How long are your runs?  In withdrawal, if you can tolerate it, anything up to 30 minutes a day is good - after that, you might run into fatigue cascades.  There may come a time when you cannot tolerate it, and since yoga is your bread-and-butter, you may have to limit your runs  But for now, getting that morning sun and a run outdoors (remember to look at the horizon whenever possible!) will be excellent for mood stabilization! My runs are more like trots. Ha! About 30 minutes every other day.

 

 

These are very relevant, but may be personal.  This is why we recommend Journalling - Therapeutic Writing , expressions through art and music - and, if you have a good practitioner, therapy. Yes, have therapy...

 

We're not quite equipped to help you with your situational and life circumstances, but you are free to talk about them here if it helps your journey.  It all depends on how public you want to be with your personal stuff. Ok, will think about this...

 

But in my experience, people who do not look at their life circumstances are less successful in their tapers.  Withdrawal can be a great volcano or cyclone that clears your life and pares you down to the bare necessities.  From that perspective, it becomes clear what is important and helpful, and what is harmful or toxic.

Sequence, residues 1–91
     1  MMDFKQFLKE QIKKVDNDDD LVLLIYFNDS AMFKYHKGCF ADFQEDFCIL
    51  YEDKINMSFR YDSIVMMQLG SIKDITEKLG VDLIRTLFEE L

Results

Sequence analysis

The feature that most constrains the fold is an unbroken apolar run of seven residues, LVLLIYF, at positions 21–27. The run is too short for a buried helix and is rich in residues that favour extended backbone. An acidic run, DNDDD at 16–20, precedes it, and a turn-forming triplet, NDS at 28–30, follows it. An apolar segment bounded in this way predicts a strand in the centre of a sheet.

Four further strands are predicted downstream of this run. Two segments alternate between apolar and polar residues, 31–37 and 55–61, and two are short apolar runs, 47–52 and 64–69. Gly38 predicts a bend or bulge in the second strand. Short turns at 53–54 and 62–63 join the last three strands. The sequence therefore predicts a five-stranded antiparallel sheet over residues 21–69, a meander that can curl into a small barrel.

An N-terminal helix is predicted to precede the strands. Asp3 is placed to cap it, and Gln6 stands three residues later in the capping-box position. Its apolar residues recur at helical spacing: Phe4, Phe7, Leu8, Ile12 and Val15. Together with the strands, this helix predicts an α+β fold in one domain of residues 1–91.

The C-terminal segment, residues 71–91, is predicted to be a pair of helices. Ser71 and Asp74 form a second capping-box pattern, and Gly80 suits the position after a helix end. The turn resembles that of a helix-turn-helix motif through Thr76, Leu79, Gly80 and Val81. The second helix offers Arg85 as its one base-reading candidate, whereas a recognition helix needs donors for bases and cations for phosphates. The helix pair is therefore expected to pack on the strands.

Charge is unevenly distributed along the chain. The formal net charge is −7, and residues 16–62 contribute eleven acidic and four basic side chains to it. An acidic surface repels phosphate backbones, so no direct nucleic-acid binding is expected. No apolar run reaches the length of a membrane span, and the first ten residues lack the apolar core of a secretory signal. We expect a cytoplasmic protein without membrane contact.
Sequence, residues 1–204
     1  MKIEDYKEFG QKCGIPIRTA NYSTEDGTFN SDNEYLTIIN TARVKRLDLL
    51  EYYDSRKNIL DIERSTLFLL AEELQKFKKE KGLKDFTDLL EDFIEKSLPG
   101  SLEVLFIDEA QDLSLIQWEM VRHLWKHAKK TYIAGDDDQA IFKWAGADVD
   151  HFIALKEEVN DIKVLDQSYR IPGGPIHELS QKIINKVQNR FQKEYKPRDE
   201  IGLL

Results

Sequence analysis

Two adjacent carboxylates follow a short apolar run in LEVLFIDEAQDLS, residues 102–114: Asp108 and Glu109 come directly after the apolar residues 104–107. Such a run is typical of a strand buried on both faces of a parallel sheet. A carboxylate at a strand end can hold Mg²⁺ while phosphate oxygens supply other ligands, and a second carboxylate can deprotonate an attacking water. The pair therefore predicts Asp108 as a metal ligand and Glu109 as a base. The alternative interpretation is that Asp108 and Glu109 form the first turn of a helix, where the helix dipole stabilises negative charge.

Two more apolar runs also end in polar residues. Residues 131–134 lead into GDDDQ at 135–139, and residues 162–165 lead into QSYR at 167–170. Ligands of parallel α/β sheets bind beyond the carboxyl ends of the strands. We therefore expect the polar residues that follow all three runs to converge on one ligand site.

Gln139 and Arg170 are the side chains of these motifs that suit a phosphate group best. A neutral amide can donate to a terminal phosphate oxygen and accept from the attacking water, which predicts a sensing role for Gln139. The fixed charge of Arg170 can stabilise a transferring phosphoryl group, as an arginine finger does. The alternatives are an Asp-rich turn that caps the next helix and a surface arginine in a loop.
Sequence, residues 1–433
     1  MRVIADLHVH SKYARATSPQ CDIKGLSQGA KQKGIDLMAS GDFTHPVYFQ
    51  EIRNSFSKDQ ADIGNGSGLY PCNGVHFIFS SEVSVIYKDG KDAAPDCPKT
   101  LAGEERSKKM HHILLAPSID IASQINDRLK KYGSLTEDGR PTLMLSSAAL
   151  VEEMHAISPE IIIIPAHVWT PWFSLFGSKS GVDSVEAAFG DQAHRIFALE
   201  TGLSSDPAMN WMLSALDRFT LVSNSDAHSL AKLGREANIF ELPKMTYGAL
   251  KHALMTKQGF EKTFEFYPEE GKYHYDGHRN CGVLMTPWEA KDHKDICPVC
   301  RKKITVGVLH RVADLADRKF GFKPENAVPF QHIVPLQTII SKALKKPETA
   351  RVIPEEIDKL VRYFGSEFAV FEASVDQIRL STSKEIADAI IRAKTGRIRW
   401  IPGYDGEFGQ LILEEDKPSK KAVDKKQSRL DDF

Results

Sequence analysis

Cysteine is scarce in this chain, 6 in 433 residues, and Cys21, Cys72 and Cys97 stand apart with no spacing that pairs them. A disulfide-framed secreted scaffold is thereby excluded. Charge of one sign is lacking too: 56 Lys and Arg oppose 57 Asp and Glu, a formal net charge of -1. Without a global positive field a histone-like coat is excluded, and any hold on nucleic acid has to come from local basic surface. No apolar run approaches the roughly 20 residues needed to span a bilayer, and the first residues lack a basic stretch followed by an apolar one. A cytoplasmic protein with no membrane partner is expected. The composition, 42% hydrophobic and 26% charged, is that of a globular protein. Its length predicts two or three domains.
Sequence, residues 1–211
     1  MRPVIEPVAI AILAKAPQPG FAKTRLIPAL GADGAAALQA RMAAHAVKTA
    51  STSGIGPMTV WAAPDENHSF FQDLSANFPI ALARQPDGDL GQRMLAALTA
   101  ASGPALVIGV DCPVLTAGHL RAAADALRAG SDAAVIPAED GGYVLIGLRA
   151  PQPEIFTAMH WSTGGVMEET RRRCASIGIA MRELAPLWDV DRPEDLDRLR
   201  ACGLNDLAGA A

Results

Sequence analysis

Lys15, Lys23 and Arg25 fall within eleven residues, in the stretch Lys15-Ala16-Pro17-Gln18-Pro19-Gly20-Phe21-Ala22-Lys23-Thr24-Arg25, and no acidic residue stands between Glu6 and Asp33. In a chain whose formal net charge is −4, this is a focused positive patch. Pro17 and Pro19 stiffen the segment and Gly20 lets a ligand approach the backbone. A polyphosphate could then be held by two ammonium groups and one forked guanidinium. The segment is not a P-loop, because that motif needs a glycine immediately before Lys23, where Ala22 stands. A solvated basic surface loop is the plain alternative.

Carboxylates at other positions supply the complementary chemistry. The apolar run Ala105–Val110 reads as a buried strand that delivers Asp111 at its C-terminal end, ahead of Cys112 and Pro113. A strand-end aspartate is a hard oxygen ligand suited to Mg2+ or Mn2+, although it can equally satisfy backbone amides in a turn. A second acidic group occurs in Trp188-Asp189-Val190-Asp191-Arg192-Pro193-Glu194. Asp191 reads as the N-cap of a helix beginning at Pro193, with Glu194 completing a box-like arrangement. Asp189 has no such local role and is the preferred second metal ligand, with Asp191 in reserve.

It sounds like you are close to WD normal - every day is the same?  At that point it is safe to consider Mag, Fish Oil, and B12.  But B12 can do strange things, especially if you are deficient (the more deficient you are, the more of a shock it is to take it).  So much depends on your symptoms. I think I am ALMOST WD normal. Things are leveling out but not quite the same everyday. I already take that other magnesium (oxide) and cod liver oil. But I ordered the magnesium citrate and the omega 3 fish oil and sublingual B12.